Last updated: May 12, 2010 (created on November 21, 2006)
Questions about support for aural CSS (Cascading Style Sheets) have been popping up in various corners of the Web lately, so I thought I would compile what I know as a supplementary page to my Screen Readers and Abbreviations tests.
If you find this information to be incomplete or inaccurate, please let me know so that I can update this page.
Note: Some new sources of information will be added to this page pending review. In the meantime, you may like to follow the links I have included at the bottom of the page and read for yourself.
CSS includes 'aural' (or 'speech') properties that allow web designers and developers control over the way in which HTML (and XML) is synthesised as speech by CSS-aware software. However, these properties enjoy very limited support in current web browsers, screen readers and in other assistive technology software where the properties may be of benefit.
If you want a good introduction to aural style sheets, the “Aural stylesheets” section of Joe Clark's book, Building Accessible Websites, is a very informative.
Unfortunately, such limited support makes aural style sheets practically useless. Without an improved level of support from software vendors, web designers and developers are unlikely to use it as a tool. We have a paradox, however, as vendors are unlikely to prioritise support for something that is not used and has no benefit to them. Instead, current screen reader software (such as JAWS) and speaking browsers (such as Home Page Reader) analyse words to determine how they should be pronounced using their own non-CSS-based algorithms.
However, even if support was better than it is, using the aural properties is another matter. The average web designer or developer would still need the skill to write an appropriate and considerate aural style sheet, selecting voices, and perhaps positioning them spacially. If you think about how many designers actually use print style sheets, how many might actually implement aural style sheets?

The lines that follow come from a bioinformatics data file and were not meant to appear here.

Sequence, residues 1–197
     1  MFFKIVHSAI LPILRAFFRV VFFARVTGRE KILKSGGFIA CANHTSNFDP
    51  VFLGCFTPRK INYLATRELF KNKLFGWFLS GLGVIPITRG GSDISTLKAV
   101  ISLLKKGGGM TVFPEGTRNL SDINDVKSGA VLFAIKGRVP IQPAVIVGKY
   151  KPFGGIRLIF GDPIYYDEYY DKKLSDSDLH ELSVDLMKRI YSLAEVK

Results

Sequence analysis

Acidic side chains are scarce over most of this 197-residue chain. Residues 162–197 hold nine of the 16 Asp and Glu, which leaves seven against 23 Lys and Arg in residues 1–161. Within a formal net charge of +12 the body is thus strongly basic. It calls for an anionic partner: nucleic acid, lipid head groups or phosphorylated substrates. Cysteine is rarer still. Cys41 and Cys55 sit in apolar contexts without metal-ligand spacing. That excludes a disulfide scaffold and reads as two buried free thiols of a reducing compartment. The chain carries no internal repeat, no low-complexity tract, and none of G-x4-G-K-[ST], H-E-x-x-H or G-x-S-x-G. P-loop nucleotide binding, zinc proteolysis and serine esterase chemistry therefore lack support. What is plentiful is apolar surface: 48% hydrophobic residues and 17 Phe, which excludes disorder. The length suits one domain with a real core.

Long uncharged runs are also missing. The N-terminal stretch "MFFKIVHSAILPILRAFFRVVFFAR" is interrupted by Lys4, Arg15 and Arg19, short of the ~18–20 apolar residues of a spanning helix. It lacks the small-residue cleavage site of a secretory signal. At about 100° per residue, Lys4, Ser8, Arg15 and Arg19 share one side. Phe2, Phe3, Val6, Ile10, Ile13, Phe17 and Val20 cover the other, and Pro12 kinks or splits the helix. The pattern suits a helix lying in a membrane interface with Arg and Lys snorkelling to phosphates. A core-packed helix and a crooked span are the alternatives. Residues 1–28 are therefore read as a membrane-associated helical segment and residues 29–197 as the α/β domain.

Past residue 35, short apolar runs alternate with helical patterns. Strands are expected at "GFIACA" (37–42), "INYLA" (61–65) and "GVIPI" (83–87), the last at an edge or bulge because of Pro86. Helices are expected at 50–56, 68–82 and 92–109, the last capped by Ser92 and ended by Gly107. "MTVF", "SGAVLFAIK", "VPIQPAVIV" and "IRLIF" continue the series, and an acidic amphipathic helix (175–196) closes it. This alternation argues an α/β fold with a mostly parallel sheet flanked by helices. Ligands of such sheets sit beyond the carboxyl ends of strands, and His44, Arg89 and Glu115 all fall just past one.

Aural CSS first appeared in the CSS 2 Specification, the current official W3C Recommendation for CSS. The CSS 2.1 Specification – currently a "last call" Working Draft that will become the next official W3C Recommendation – extends the specification to include a new property, but deprecates the 'aural' media type and reserves the favoured 'speech' media type. The CSS 3 Speech module reworks and replaces the 'aural' properties as specified for CSS 2, 19 Aural style sheets / CSS 2.1, Appendix A. Aural style sheets. To quote some relevant sections of the CSS specifications:
“UAs are not required to implement the properties of this chapter in order to conform to CSS 2.1.”
CSS 2.1, Appendix A. Aural style sheets
“We expect that in a future level of CSS there will be new properties and values defined for speech output. Therefore CSS 2.1 reserves the 'speech' media type (see chapter 7, "Media types"), but does not yet define which properties do or do not apply to it.
“The properties in this appendix apply to a media type 'aural', that was introduced in CSS 2. The type 'aural' is now deprecated.”
CSS 2.1, Appendix A. Aural style sheets, A.1 The media types 'aural' and 'speech'
The CSS 3 Speech module is currently supported in:
-xv-prefix to work in Opera, e.g.
Note about FireVox and Firefox: Firefox does not parse aural/speech CSS properties, so FireVox support is achieved by parsing the CSS directly.